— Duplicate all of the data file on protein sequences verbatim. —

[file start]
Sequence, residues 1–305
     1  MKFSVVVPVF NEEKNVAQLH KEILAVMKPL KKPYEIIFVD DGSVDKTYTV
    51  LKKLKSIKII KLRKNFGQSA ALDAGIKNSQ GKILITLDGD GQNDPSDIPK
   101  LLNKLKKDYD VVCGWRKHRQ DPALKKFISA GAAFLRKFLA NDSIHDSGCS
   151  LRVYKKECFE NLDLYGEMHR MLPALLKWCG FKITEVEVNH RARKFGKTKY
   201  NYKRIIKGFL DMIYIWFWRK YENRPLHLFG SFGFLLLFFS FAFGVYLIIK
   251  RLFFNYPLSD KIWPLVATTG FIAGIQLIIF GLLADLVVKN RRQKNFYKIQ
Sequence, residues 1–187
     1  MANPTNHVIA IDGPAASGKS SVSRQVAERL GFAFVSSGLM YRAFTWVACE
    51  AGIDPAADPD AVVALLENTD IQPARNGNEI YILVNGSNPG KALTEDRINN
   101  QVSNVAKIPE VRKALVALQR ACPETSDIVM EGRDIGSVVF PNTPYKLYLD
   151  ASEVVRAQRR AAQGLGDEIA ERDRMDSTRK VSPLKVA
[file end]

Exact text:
Sequence, residues 1–305
     1  MKFSVVVPVF NEEKNVAQLH KEILAVMKPL KKPYEIIFVD DGSVDKTYTV
    51  LKKLKSIKII KLRKNFGQSA ALDAGIKNSQ GKILITLDGD GQNDPSDIPK
   101  LLNKLKKDYD VVCGWRKHRQ DPALKKFISA GAAFLRKFLA NDSIHDSGCS
   151  LRVYKKECFE NLDLYGEMHR MLPALLKWCG FKITEVEVNH RARKFGKTKY
   201  NYKRIIKGFL DMIYIWFWRK YENRPLHLFG SFGFLLLFFS FAFGVYLIIK
   251  RLFFNYPLSD KIWPLVATTG FIAGIQLIIF GLLADLVVKN RRQKNFYKIQ
Sequence, residues 1–187
     1  MANPTNHVIA IDGPAASGKS SVSRQVAERL GFAFVSSGLM YRAFTWVACE
    51  AGIDPAADPD AVVALLENTD IQPARNGNEI YILVNGSNPG KALTEDRINN
   101  QVSNVAKIPE VRKALVALQR ACPETSDIVM EGRDIGSVVF PNTPYKLYLD
   151  ASEVVRAQRR AAQGLGDEIA ERDRMDSTRK VSPLKVA